Economy now in better shape
THE SEVERE FLOODS THAT HIT Mozambique, once again, in February this year bore testimony to the strong and ongoing progress the country is making. In 2000-2001 cyclones took a devastating toll on the country.
Over 700 people were killed and economic growth tumbled to only 2,1% in 2001 compared to the annual average level in the decade before (and in the period since) of 7%-8%. For all the economic and political progress it had made since the ending of bitter civil war in 1992, Mozambique still couldn’t begin to cope with those flooding disasters.
Today the situation is dramatically different. Deaths in this year’s heavy flooding were contained to 10. The economy has also shown vastly greater resilience than in the crisis times of six to seven years earlier.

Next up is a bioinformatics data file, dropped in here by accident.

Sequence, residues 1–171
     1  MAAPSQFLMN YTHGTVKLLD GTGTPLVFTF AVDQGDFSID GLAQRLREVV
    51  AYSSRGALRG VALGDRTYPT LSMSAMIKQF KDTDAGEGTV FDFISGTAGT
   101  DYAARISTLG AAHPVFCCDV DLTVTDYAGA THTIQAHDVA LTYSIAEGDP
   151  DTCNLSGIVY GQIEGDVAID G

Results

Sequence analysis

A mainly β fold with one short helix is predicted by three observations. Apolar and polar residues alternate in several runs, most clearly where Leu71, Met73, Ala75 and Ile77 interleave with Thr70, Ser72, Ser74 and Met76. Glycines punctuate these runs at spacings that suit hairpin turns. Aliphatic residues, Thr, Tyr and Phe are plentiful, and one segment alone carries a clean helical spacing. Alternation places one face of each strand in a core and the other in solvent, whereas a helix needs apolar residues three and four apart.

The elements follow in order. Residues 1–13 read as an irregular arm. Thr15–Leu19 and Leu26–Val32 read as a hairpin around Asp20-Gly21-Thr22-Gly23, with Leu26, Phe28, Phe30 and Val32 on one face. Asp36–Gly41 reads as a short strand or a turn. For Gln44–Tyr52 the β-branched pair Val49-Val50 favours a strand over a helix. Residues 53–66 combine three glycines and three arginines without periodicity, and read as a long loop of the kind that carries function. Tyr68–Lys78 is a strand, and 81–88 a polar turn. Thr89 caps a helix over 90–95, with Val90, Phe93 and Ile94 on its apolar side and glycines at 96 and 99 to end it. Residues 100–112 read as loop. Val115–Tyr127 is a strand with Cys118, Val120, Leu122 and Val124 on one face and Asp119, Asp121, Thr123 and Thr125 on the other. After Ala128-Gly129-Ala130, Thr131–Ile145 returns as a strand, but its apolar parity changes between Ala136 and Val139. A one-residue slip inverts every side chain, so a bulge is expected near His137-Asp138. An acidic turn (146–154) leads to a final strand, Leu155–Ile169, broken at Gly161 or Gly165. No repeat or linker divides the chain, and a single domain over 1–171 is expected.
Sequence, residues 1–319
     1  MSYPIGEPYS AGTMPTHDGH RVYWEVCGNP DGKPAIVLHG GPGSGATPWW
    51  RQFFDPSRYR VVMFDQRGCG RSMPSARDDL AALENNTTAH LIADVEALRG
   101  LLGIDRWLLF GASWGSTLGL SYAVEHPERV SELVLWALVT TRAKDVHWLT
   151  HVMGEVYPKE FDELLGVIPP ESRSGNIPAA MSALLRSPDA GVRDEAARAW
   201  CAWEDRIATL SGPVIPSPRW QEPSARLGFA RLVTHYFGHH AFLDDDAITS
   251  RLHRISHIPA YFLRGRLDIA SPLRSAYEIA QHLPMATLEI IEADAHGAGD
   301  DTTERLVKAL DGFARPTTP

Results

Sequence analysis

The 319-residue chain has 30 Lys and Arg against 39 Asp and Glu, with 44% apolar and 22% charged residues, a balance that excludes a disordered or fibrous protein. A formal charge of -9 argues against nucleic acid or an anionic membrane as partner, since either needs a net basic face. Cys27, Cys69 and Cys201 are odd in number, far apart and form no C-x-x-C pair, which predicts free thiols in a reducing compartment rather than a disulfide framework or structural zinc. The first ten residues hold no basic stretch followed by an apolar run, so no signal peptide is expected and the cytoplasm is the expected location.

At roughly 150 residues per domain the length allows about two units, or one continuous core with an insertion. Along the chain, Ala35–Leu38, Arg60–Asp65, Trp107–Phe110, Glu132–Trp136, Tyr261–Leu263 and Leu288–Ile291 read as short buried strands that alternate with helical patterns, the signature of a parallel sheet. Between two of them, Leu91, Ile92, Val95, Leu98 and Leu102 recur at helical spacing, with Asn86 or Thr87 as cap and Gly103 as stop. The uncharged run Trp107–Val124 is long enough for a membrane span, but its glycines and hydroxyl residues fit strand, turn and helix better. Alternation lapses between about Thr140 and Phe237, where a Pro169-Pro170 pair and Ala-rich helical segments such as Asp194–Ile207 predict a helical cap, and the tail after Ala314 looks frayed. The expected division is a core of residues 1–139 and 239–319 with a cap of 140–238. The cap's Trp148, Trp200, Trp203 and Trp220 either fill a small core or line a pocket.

Mike Hughes, spokesman for the United Nations’ World Food Programme (WFP) says: “If you’re looking for a success story of an African government that’s trying to make things better for its people, Mozambique is a very good example.
“Their response to flooding this time is massively better. The government is doing a lot this year to try and mitigate the impact.
“They’ve evacuated everyone from the really critical areas. They’ve made sure that the UN and the aid organisations are all working together to bring a co-ordinated response.”
Standard Bank’s economics department notes: “Normal rains are expected in the rest of this year, and food prices are expected to ease over the short term as harvests enter the market. “The increases in international oil prices and the damage done by the recent floods suggest that inflation will edge upwards in the coming months.
“However, the promise of higher food supply from upcoming harvests should ease overall inflation in the second quarter of 2007.”